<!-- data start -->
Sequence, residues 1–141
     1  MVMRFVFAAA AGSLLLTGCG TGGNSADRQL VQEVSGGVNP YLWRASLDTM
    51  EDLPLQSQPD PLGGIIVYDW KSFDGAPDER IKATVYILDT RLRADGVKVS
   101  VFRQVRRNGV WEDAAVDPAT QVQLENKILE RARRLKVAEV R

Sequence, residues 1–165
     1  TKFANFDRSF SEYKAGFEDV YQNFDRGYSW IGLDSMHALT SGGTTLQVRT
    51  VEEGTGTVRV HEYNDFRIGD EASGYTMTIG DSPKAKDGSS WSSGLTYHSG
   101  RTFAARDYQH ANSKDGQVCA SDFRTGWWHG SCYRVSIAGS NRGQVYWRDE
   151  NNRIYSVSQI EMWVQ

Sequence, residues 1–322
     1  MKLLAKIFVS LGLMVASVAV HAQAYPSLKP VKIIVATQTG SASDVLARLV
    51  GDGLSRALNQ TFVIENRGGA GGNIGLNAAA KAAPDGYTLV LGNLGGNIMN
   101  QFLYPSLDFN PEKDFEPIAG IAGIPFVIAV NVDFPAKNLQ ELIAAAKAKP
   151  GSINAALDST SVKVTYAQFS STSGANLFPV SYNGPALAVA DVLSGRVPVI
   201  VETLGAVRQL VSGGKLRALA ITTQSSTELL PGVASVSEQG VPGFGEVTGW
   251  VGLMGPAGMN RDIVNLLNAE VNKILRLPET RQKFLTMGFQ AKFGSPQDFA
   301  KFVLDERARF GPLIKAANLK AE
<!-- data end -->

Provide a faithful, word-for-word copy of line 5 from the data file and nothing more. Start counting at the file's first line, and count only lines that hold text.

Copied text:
Sequence, residues 1–165